4 PCs vs 4 Bandits or even like 4-6 goblins I've just seen it turn into a running battle. And not an actual epic running battle the kind you'd seen in movies or fiction. More like Tom chasing Jerry. So then my own groups see this cartoonish running fight or the martials standing in place to screen the Ranged, usually in a corridor to the point we're back where PF1 put us.

That's funny once. Having it happen all the time is annoying.

Besides, where are we in the multi swing math?


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HidaOWin wrote:
Eh, if you are Strength 14 or better you can ignore speed penalty from hide armour, but I understand what you mean.

Damnit! I caught that meeting the Strength value let you ignore the check to skills, but missed that it worked on speed too. Okay then. More blame on me.

Thanks for the tip!


Glad to hear the OP's positive experience with PF2 in play. I'm looking forward to giving it a trial run this coming weekend.


OP; glad to hear about your game! Looking forward to more of people's experiences (and maybe less complaints on theory craft and builds).


Excaliburproxy wrote:
I would argue that this sort of thing generally works against a monster more than it does players when the number of players is greater than the number of monsters..

I find it best to throw a number of monsters at least equal to the number of party members against the PCs.

Focus fire/action economy is a big thing.

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Ran Escaping the Grave 6 times at GenCon. Setting the tone with a standardized "now I'm not saying time is important, but I am keeping track of it" helped to set a sense of urgency.

The players were engaged with the scenario and for the most part tried to find the quest goals with a sense of urgency. One group preferred caution over urgency, avoiding as much as possible splitting search parties too far. Overall, 2 groups had the best possible time, two a medium result, and two were too slow and triggered the hardest boss fight.

Compared to the scenario I played and the other non-special being run, my impression is that EtG had the best, most "boss-fight" feeling boss fight of the three release non-special scenarios. It is a tough fight.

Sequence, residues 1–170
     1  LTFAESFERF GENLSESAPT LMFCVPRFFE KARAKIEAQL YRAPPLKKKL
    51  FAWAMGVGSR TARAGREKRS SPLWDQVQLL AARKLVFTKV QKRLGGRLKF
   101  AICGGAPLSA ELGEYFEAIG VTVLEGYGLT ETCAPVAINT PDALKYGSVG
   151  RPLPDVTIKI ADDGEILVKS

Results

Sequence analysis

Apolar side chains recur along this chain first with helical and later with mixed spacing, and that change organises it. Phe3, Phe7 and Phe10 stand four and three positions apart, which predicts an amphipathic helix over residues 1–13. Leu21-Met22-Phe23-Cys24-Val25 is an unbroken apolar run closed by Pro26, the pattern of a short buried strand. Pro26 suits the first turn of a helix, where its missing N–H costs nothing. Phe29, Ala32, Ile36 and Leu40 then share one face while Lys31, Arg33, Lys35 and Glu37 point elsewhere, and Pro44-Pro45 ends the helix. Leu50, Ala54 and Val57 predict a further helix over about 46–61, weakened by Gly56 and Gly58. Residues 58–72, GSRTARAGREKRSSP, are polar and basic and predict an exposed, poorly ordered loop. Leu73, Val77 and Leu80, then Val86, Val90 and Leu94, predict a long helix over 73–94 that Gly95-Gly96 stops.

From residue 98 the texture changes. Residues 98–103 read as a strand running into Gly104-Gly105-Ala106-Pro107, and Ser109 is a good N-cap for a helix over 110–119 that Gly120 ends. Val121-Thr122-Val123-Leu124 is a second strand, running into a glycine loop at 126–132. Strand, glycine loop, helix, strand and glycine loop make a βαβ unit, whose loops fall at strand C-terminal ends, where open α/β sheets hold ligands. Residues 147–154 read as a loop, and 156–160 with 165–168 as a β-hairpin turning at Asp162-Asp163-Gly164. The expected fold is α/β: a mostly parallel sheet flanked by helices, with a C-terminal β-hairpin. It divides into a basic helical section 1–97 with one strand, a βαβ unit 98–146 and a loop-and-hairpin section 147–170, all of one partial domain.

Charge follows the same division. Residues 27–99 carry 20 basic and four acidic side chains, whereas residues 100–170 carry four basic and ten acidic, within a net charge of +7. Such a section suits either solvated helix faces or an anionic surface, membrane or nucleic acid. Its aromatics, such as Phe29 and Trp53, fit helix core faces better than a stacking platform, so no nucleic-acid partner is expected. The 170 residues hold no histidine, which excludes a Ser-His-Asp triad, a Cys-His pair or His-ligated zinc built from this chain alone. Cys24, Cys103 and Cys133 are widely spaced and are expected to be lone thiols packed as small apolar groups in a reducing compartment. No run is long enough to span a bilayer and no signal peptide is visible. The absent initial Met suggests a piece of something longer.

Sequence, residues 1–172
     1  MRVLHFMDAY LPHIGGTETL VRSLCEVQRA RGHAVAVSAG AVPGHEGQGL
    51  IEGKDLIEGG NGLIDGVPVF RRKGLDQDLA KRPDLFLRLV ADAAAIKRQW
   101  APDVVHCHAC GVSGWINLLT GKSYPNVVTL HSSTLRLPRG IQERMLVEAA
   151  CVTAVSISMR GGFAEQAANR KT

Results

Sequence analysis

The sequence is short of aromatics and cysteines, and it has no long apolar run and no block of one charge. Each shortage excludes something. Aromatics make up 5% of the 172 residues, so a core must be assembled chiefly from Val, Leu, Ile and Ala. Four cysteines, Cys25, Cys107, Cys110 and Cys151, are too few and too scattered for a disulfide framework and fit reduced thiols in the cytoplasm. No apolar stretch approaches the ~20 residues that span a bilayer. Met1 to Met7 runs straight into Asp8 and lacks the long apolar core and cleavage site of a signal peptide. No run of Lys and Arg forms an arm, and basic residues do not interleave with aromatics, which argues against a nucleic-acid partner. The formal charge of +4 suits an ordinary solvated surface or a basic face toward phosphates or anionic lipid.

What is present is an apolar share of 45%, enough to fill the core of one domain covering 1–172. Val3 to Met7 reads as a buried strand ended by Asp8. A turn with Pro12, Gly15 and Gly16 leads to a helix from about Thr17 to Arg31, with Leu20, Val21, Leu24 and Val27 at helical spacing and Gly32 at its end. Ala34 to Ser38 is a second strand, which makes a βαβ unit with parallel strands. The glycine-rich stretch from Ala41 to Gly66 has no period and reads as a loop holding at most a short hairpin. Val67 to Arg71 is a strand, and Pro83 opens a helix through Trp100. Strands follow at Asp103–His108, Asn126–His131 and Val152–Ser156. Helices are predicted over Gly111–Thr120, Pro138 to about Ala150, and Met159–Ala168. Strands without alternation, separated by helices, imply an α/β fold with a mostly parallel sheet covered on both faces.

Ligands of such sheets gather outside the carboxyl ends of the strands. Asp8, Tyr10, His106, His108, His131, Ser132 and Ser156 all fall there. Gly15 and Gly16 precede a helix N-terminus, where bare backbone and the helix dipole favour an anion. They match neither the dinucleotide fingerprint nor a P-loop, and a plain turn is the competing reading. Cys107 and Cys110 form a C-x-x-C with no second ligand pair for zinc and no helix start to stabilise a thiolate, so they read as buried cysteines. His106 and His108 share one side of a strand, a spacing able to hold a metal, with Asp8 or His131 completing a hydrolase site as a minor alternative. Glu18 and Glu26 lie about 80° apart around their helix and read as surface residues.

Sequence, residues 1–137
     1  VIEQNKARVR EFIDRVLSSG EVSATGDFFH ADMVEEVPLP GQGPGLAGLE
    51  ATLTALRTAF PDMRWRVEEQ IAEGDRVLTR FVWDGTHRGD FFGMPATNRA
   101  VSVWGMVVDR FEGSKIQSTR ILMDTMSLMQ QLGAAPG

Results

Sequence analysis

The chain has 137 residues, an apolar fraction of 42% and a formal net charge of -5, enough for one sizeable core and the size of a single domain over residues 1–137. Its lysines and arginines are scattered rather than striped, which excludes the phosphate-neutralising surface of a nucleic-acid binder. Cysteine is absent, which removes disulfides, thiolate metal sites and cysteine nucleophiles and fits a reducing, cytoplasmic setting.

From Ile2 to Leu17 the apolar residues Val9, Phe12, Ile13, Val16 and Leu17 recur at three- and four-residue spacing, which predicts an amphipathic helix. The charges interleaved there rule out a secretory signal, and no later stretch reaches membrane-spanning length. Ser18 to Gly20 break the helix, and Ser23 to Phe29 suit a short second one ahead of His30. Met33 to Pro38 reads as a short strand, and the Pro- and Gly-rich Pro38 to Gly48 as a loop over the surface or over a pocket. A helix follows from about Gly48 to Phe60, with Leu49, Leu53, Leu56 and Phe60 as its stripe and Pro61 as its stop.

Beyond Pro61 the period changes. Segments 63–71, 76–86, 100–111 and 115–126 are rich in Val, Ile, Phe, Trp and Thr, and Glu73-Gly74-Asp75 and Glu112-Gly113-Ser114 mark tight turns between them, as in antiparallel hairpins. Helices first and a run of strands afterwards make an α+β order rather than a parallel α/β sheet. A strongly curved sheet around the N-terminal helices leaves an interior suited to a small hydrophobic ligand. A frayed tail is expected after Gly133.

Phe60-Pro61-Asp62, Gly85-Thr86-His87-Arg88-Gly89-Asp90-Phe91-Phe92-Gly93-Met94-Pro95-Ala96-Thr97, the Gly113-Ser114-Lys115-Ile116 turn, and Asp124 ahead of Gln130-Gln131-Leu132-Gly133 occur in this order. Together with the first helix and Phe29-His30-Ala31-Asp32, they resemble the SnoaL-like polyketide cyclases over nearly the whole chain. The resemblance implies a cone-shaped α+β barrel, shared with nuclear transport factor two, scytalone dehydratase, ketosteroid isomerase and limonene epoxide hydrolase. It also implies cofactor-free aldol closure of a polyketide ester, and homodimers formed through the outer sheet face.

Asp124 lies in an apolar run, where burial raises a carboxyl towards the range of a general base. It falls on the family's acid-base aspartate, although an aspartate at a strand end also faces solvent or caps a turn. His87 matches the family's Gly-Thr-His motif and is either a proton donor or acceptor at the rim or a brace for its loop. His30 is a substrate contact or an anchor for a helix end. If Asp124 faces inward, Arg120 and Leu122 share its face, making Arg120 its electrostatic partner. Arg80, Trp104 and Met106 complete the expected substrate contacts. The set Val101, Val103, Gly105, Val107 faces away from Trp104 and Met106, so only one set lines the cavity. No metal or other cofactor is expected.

I also ran the beginning of Age of Ashes, just getting through the initial Call for Heroes. Players are exploring their characters, role-playing, using their skills to know stuff, and did pretty well in first combat.

So far, so great for my experiences.


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There were also few things about 2e, that were more difficult as a GM than I expected:

First up: Action List. When I played to 2e at Gen con and I said “I swing my sword” Jack, our GM, would often correct me by saying “Ok. You take a strike action.” I found it irritating at the time, but now that I have a game as GM under my belt, I know why he did that. Each of the actions have different attributes. The GM needs to understand clearly what action you are using because these actions may trigger certain reactions. For example, if you say “I take a potion out go over to James and pour it into James’ mouth” what you are really saying is “I use an interact action to take out a potion. I use a Stride action to move to James. then I use my final action to use Interact to poor the potion into James’ mouth.” The interact action has the manipulation trait which means it triggers certain reactions — most notably attacks of opportunity. Also the traits effect how often an action can happen in a turn (actions with the “flourish” trait can only be used once per turn). They can also effect the order of you action as some actions can only happen after you use the Strike action, for example. All of this has the potential to be pretty complicated. I wasn’t expecting just how complicated this could be to run. I think Im up to the challenge but it will take some work.